The client is requesting the identity provider (idP) for login with credentials (username + password). The idP then generates a JWT certifying the user identity. This JWT is a key for the client to authorize itself against a protected resource. The JSON Web token is actually sent in the header of the request when requesting a GET, POST, PUT or DELETE command to the resource server. Let’s break it down:

  1. The user is signing into idP (Facebook, Azure AD, Google, Keycloak, FusionAuth, etc…)
  2. The identity provider is verifying the user credentials and upon success returns a JWT signed with a secret key.
  3. The user forwards this JWT when requesting a protected endpoint at the resource server inside the header of the request.
  4. The resource server then verifies against Facebook, Azure AD, Google, etc… that the token is valid using the public key.
  5. The resource server then returns a true/false response to whether the token is valid and issued by them for that client. This would authorize them and give them a role that allows them to perform actions at the resource server.
json web token, jwt, jwt flow
Visual explanation of how a JSON Web Token works

If you need this diagram inside your own documentation, you can download it by clicking it. That would take you to

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Validation of JWTs

The awesome thing about JSON Web Tokens s that it’s an open-source library where we get the software to generate the JWTs but also software to do all the heavy validation work for us. The library will provide you with a mechanism to validate the format of the token, and time claims, and then verify the signature.

Validate against the issuer or not?

If you want to remove a possible bottleneck, you could remove the part where the token is validated against the issuer. This is a key decision! If you have signed the JSON Web Token, then you got an option to do the validation locally within the resource server and not depend on a third-party identity provider.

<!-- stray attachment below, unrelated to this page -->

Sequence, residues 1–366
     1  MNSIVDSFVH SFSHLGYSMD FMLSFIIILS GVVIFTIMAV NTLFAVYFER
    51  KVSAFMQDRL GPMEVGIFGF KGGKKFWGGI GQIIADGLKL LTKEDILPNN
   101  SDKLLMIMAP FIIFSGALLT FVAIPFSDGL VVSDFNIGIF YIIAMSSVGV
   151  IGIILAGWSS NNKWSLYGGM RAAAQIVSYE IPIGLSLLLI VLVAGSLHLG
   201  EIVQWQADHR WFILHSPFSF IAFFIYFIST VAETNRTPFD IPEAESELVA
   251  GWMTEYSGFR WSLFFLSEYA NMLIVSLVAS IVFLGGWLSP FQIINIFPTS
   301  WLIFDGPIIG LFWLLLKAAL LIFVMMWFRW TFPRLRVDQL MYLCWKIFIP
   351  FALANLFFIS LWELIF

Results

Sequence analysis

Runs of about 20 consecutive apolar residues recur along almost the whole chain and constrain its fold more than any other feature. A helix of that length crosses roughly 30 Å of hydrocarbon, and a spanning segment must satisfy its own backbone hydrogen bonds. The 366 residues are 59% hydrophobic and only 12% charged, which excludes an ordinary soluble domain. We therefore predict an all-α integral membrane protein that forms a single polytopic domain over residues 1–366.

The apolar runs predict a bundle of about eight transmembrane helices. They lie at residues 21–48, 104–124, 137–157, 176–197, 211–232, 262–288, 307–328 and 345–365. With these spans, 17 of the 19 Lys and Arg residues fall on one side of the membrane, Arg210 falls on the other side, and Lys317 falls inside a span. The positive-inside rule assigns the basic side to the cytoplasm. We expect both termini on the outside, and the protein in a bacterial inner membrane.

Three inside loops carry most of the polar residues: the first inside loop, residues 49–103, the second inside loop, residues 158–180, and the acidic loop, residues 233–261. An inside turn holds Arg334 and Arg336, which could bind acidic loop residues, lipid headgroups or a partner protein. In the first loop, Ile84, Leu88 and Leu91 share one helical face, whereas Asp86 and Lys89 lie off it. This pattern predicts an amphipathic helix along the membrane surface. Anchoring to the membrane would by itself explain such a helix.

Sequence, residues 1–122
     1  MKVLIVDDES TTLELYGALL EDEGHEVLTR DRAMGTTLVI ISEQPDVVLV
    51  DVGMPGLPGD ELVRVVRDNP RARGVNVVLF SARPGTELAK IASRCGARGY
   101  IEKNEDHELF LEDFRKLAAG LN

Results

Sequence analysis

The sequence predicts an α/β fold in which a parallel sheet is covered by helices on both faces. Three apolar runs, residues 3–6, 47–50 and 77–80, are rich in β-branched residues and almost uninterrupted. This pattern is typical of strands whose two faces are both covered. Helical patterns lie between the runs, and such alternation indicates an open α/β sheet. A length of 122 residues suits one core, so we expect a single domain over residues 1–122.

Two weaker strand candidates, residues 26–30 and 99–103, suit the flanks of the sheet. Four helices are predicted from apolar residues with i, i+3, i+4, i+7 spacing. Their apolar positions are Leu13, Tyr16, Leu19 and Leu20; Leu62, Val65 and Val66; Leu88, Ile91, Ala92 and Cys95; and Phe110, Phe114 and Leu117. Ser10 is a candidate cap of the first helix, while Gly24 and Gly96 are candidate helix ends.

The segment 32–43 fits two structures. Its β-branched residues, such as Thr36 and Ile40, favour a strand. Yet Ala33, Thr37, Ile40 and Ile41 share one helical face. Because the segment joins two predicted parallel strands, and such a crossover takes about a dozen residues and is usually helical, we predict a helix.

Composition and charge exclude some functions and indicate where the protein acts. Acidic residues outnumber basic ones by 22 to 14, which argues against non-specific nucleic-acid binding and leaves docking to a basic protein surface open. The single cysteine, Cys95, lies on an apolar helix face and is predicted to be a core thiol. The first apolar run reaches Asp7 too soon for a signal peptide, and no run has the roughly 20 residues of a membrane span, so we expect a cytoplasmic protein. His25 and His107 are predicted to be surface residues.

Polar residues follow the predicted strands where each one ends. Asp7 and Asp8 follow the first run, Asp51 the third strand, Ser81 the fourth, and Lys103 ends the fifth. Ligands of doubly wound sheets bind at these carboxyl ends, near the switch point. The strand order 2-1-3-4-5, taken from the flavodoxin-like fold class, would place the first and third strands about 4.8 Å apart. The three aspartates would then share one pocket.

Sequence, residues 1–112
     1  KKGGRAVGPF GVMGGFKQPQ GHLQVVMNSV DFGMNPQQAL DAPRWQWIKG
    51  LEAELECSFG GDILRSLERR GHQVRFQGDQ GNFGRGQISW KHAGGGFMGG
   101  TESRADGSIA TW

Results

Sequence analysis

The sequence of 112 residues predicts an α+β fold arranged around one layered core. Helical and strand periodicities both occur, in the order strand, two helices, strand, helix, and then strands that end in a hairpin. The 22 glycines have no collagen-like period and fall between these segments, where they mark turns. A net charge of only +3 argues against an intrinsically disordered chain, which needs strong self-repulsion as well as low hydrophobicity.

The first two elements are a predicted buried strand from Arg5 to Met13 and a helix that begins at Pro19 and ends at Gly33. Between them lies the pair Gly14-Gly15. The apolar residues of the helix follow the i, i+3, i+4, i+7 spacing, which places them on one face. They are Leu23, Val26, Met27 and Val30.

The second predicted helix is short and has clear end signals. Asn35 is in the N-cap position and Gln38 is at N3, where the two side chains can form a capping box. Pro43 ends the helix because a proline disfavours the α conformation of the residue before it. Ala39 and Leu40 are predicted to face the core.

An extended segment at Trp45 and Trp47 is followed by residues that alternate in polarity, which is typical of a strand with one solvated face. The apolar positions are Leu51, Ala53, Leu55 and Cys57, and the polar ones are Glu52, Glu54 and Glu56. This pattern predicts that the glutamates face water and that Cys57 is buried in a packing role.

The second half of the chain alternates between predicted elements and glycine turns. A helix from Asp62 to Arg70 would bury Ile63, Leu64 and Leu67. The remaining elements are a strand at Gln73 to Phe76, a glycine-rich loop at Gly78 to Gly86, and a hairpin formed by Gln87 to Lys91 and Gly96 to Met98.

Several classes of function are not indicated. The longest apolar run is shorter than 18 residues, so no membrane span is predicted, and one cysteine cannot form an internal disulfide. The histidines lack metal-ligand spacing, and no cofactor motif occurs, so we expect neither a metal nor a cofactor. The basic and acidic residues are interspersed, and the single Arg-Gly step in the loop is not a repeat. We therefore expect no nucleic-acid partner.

Why would you do this? If you want to go the distributed way for your application, this would be the ideal option as the identity provider would not become a bottleneck at runtime. The great thing about JWTs is that we can include custom claims as I showed earlier. We could make sure that the token contained enough data about the user authenticating so that we are not forced to contact the idP and get the data.

What about security? In some cases, a JWT could be compromised and the only way to prevent usage of it is by checking if it’s blacklisted at the identity provider. I have seen the lifespans of some JWT for months and if such a token is compromised and not blacklisted it could cause a lot of damage. To be sure when validating a token every time, I would go with the validation against the identity provider.

Key claims to validate every time

When doing the validation you always check the signature, it’s crucial! Besides the signature, we also have to verify the following claims:

  • exp” (Expiration) – Current date must not be after the “exp” date.
  • nbf” (Not before) – Current data must not be before the “nbf” date.

If you got any custom claims I would always make sure to validate that they have valid values, etc…

JSON Web Token Pros and Cons

JWT got like any other authentication mechanism some pros and cons. Below is a shortlist of some of the JSON Web Token pros and cons that came to my mind, when doing a little reflection on the topic.


  • Used Across Services.
  • No database table.
  • Simple to use.
  • Expiration is built-in.